If you have a heart valve replaced, your new valve won’t be able to fight off infections as well as the old one. As a result, there is a risk that your heart may become infected. This is called “endocarditis.” Signs of endocarditis include a fever, fast heart rate, joint pain, or blood in your urine. You may also sweat a lot or feel very tired. Endocarditis may also cause tiny red spots to appear on your skin or in the whites of your eyes. If you see or feel any of these things, call your doctor right away. You may need to be admitted to the hospital for special antibiotic treatments or more surgery.

There is a risk of infection around your wound or in other parts of your body. In rare cases, more surgery may be needed to treat an infection.

Although your doctor will take great care to prevent infections, you may still get an infection around your surgical area. Signs of a wound infection include redness, swelling, fluid drainage, or pain that gets worse. You may also get a high fever or chills. If you feel any of these things, please call your doctor right away. Infections can also form in other parts of your body, like in your lungs or bladder. Most of the time, antibiotics get rid of infections. But in some cases, you may need to be admitted to the hospital for special treatments or more surgery.

There is a risk that after surgery, your kidney function may be worse. In rare cases, a "dialysis" machine may be needed to do your kidneys' job.

Although it doesn't happen often, there's a risk that your kidneys may not work as well after this operation. This is especially true if your kidneys are weak or diseased before surgery. Weak kidney function is often temporary and gets stronger over time. But in rare cases, your kidneys may not recover. And if this happens, you may need a machine to do the work of your kidneys. This is called "dialysis." You may only need dialysis for a short time (just until your kidneys recover). But in very rare cases, you may need dialysis permanently.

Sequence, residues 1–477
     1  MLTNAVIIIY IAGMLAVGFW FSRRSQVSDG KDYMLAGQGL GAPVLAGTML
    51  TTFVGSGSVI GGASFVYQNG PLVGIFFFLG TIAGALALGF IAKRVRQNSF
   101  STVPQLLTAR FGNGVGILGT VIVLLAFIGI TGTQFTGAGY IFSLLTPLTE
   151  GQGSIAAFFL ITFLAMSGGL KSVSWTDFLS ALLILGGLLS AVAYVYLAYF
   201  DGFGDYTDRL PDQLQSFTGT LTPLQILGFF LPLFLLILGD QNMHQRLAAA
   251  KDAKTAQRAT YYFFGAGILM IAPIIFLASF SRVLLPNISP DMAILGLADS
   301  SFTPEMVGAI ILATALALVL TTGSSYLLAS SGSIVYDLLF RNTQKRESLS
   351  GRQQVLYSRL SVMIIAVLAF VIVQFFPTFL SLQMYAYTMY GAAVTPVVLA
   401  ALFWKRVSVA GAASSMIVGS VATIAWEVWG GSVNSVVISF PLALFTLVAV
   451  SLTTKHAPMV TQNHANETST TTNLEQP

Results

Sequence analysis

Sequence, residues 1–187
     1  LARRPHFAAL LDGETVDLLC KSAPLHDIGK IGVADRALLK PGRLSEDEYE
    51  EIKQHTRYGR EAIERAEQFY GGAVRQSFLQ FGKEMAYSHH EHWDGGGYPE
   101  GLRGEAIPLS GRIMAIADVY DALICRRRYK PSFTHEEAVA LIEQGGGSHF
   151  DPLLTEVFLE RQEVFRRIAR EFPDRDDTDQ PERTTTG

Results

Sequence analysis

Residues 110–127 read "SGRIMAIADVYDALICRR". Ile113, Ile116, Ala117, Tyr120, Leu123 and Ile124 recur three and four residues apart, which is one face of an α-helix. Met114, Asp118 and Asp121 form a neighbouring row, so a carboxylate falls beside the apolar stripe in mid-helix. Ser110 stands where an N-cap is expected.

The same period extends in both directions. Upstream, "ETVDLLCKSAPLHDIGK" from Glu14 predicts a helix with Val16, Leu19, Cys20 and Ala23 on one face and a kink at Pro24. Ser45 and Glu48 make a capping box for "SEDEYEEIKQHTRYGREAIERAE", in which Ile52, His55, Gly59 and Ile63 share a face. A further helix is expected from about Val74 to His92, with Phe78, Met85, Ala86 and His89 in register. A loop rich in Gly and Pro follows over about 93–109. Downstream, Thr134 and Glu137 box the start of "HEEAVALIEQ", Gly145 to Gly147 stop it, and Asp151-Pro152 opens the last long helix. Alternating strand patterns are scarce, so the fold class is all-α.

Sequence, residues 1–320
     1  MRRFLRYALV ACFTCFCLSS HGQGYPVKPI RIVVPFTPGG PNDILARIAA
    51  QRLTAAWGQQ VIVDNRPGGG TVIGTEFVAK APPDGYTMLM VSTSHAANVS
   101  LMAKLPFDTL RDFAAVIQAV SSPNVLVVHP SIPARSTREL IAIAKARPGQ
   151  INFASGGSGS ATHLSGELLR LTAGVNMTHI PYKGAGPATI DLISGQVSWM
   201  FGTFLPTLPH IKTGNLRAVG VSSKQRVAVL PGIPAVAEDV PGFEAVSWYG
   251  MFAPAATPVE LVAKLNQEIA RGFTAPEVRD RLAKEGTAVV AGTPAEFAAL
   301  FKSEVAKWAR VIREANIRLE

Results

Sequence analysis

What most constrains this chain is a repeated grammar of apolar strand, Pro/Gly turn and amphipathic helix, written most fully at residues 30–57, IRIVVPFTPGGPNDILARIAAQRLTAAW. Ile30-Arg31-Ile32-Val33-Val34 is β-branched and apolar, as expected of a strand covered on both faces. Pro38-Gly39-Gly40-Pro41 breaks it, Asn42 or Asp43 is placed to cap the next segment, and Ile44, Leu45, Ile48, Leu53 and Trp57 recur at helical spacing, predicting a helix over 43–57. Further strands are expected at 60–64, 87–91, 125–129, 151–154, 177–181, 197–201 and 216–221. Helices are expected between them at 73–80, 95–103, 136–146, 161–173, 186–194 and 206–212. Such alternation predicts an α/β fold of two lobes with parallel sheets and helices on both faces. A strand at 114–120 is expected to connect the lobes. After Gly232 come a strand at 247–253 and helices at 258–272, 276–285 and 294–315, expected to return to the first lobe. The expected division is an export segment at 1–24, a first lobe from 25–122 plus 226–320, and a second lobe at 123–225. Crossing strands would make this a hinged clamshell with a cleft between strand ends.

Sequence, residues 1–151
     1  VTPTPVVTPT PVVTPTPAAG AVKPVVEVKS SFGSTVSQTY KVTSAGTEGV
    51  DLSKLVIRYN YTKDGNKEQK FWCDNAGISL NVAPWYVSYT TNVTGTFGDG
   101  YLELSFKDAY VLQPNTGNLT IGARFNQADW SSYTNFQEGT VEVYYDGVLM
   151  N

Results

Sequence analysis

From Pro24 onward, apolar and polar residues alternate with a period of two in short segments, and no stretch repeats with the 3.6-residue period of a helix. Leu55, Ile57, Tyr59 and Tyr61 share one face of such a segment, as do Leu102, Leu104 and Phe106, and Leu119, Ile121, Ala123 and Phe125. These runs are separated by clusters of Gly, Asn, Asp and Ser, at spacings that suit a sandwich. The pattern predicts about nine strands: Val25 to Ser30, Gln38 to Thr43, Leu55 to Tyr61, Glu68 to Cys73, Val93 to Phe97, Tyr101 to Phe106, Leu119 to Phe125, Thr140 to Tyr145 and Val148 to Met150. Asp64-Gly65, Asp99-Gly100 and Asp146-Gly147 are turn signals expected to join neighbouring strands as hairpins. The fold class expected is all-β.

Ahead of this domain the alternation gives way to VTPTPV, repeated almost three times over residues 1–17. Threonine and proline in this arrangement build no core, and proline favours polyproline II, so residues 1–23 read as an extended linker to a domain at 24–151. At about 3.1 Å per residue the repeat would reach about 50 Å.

There is a risk of bad or allergic reactions to the anesthesia or medications that are used. While it's very rare, you can die from one of these reactions.

An allergic reaction happens when your body tries to get rid of something it doesn't want. And it's your body's response that can be serious. Signs can include dizziness, vomiting, swelling, or trouble breathing. You should know that your healthcare team is trained and ready to respond to allergic reactions. But in rare cases, people can die. If you have ever had an allergic reaction, or know you are allergic to any drug or food or materials like latex, please let your doctors know. And let them know if you, or anyone in your family, has ever had a serious reaction to anesthesia.

There is a risk that surgery will cause your heart to beat irregularly.

As you know, a healthy heart beats at a steady and constant rate. But this operation can put a lot of stress on the heart and change its rhythm. This is called an "arrhythmia." One of the most common arrhythmias after heart valve surgery is "atrial fibrillation." This causes the heart to beat too fast. And even though a fast heartbeat can be scary, it's usually a temporary condition. But in rare cases, your heart may continue to beat too fast. If this happens, you may need to take daily medication to treat it.